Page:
Hellenikon Air Base, Greece
Origin of current name: Named after the Greek city Elliniko (Elleniko).
Date current name was assigned to base: February 25, 1976
Previous Names: Hassani Airport, Aug 1945-7 May 1946. Hassani Airport, 1948; Ellinikon Airfield, 1948; Athenai Air Base, 1948; Athenai Airport, 28 Feb 1958. Also referred to unofficially as Hassani Airfield, Ellinikon Airport, and Athens/Kalamaki Airfield.
Date Established: October 1, 1945
Date Occupied: October 1, 1945
Construction Began: January 1, 1947
Base Units: OL 4-Y, 1419th AAF BU, Aug 1945-1 May 1946; Det 7907th AF BU, 2 Jun 1948; 1015th AB Sq, 1 Jul 1948; 1632d AB Sq, 1 Oct 1948; Det 3, 1602d Air Trpt Wg, 23 Nov 1949; 7206th AB Sq, 1 Apr 1954; 7206th Spt Gp, 15 May 1955 (rdsgd 7206th AB Gp, 1 Jan 1973)
Changes in Capability: Used as a staging field for Air Transport Command on flights between Rome and Middle East 1945-1946; reoccupied to process U.S. aid flow to Greece and Turkey under Truman Doctrine and Marshall PIan in May 1947; new control tower completed 15 Nov 1948; 10 C-47s based on the field 1 Jul 1948; new passenger and freight terminal opened 13 May 1951; USAF activities relocated to one side of the airport, while hitherto occupied part was acquired by Greek civil aviation authorities and designated Athenai International Airport, 1956-1958; an AACS network of four facilities beneficially occupied early 1961; seven major buildings constructed and three more leased 1962-1964; accommodated airlift evacuation operations from Middle East (1967), Cyprus (1975), Ethiopia (1977), and Iran (1979, 1981); base has continuously provided administrative and logistical support to U.S. units and organizations in Greece, the Middle East, Eastern Mediterranean, and parts of Africa. Major Commands to Which Assigned: Air Trpt Comd, Aug 1945-7 May 1946; USAFE, 5 Apr 1948; MATS, 1 Jul 1948; USAFE, 1 Apr 1954.
Changes in Status: Base unoccupied and inactive between May 1946 and May 1947, when a small supply unit was stationed at Hellenikon to handle air shipments of Marshall Plan aid for Greece. Active 1 Oct 1945-1 May 1946; inactive 2 May 1946; activated only to process Marshall Plan aid for Greece, May 1947; became active USAFE installation, 2 Jun 1948. Closed in 1993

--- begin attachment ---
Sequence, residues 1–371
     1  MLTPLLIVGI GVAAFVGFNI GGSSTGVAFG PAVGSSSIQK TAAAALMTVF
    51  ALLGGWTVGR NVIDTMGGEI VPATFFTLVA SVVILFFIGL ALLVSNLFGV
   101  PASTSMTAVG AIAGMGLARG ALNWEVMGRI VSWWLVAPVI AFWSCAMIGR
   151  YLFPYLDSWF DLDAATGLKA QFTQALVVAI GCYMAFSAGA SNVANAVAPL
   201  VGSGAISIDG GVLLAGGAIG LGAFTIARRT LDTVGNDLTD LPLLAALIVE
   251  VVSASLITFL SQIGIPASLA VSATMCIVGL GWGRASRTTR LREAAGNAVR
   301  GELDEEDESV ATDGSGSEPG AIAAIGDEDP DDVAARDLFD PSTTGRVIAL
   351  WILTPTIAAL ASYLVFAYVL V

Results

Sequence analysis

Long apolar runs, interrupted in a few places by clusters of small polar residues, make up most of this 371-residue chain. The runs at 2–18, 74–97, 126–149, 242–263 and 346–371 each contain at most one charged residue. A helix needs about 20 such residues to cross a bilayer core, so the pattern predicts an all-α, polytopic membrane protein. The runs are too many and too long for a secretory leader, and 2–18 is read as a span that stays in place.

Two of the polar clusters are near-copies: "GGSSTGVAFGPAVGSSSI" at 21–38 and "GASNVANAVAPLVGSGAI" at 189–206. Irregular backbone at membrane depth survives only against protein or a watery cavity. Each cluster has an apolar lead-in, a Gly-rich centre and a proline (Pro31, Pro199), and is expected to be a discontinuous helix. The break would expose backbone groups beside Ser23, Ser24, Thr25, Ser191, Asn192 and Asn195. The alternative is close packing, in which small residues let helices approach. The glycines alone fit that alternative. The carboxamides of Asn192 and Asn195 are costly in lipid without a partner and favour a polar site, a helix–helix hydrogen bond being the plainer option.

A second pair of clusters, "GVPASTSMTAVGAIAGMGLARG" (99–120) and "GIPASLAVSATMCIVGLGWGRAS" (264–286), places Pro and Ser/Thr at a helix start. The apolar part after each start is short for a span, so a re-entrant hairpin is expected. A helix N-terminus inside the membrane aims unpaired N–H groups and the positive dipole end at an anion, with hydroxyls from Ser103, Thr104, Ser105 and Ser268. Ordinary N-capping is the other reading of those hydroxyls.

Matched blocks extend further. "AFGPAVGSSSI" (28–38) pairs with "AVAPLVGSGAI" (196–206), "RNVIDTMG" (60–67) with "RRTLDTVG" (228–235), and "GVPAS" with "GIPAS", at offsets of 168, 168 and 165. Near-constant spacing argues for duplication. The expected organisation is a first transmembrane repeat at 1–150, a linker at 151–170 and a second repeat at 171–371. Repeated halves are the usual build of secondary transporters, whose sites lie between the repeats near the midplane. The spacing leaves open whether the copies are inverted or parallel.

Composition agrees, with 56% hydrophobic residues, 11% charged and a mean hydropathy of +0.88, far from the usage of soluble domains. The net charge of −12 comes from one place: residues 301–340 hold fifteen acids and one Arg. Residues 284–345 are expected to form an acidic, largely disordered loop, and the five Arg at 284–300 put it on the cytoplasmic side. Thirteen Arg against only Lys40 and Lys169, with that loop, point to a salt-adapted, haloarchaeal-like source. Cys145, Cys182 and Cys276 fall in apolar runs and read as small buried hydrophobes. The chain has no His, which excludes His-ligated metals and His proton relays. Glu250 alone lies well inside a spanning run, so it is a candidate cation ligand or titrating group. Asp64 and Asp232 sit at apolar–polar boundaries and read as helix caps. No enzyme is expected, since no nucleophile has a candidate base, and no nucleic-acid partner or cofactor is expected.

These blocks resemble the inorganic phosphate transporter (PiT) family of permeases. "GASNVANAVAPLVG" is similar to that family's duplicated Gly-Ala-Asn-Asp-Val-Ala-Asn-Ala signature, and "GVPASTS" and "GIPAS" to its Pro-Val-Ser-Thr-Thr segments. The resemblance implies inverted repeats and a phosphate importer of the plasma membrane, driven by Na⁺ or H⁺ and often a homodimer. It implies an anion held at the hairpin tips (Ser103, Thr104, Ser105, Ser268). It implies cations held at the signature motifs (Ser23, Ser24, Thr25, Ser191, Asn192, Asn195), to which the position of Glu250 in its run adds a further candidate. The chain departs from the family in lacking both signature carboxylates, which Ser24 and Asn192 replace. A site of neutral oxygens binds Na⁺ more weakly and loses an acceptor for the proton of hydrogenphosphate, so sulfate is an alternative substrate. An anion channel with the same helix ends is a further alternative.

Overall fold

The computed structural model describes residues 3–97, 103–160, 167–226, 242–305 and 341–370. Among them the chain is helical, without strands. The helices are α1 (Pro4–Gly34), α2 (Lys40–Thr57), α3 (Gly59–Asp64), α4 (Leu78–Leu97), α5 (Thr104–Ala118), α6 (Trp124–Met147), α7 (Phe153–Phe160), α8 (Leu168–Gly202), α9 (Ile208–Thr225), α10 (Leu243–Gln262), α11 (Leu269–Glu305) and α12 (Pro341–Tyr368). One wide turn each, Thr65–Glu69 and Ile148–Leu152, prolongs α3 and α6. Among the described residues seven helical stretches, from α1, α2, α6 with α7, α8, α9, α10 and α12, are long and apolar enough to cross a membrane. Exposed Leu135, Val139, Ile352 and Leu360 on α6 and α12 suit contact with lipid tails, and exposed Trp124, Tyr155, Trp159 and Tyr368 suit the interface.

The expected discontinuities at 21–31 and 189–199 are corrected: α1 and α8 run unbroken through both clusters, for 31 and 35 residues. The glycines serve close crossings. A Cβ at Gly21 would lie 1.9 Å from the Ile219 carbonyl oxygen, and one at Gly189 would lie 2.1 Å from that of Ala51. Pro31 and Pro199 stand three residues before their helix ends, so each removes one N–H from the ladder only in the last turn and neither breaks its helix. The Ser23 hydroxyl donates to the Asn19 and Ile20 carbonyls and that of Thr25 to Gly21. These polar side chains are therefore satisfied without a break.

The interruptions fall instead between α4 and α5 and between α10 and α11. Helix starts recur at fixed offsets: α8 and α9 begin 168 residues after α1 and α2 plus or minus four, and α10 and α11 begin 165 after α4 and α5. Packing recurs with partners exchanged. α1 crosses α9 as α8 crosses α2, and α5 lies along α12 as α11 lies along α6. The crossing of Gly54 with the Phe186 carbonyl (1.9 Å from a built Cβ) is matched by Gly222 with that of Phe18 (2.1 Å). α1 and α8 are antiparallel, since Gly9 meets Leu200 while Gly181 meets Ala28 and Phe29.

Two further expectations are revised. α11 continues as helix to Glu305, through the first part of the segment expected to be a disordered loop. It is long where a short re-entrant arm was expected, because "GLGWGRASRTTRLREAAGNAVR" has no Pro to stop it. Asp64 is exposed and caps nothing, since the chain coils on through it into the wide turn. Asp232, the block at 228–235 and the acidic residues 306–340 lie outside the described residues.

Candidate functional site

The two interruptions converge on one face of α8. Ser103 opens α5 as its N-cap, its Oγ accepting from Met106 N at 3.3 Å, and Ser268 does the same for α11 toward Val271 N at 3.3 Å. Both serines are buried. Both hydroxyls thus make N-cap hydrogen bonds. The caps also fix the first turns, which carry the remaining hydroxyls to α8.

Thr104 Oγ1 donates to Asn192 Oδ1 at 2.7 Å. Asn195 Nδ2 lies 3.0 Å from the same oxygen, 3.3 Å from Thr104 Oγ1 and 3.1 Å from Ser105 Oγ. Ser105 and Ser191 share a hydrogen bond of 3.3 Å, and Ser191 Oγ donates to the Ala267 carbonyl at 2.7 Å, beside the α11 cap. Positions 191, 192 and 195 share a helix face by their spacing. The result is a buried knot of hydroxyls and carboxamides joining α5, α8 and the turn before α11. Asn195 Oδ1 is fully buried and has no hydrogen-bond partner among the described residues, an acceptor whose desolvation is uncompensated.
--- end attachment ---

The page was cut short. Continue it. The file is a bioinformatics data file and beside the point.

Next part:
Base was Decommissioned on January 1, 1993
The airport was built in 1938, and after the Nazi invasion of Greece in 1941, Kalamaki Airfield was used as a Luftwaffe air base during the occupation. Following the end of World War II, the Greek government allowed the United States to use the airport from 1945 until 1993. Known as Hassani Airport in 1945, it was used by the United States Army Air Forces as early as 1 October 1945, as a base of operations for Air Transport Command flights between Rome, Italy and points in the Middle East.
A semi-permanent USAAF presence was established in May 1947 as the facility was being reconstructed to facilitate Marshall Plan aid to Greece and Turkey. On 5 October 1948, the United States Air Force assigned the Military Air Transport Service 1632d Air Base Squadron to the airport with ten C-47 Skytrain cargo aircraft being based at the airport.
A new control tower opened in 1951, and by 1954 with the end of Marshall Plan, the United States Air Forces In Europe 7206th Air Base Squadron (later Group) was assigned to the airport. Commercial airline service returned to the facility in 1956 with the airport being turned over to Greek civil aviation authorities. The airport was renamed Athenai International Airport, and the USAF used a small part of the airport for military cargo use, along with United States diplomatic air traffic.
The 7206th Air Base Group remained the primary USAF unit at the airport with the 6916th Security squadron providing electronic aerial surveillance of the eastern Mediterranean and the Middle East). The USAF used the airport for airlift evacuation operations from Middle East (1967), Cyprus (1975), Ethiopia (1977), and Iran (1979, 1981). The American base was renamed Hellenikon Air Base on 25 February 1976, and also provided administrative and logistical support to U.S. units and organizations in Greece, the Middle East, Eastern Mediterranean, and parts of Africa. With the end of the Cold War, it was agreed to end the USAF presence at the airport and the United States closed its facilities in 1993.
In 1963, the Finnish star architect Eero Saarinen designed the East Terminal building. Prior to closing its passenger service, the airport was serving 12 million passengers per year.
After its closure to passenger traffic in 2001, the northwest portion of the airport was redeveloped, with runways being converted into a sports park that housed the venues for canoe/kayak slalom, field hockey, baseball, and softball during the 2004 Summer Olympics. Other Olympic-related upgrades to the airport included refitting one of the airport's western hangars to become the main Olympic fencing venues and one of the larger Olympic indoor basketball arenas. Although these massive upgrades changed the northern and western portions of Ellinikon, part of the runway still exists and there is a chance that it will remain in use as a general aviation airport (with a significantly reduced runway). The Athens radar centre is also still based there. There are three aeroplanes for Olympic Airways in west terminal.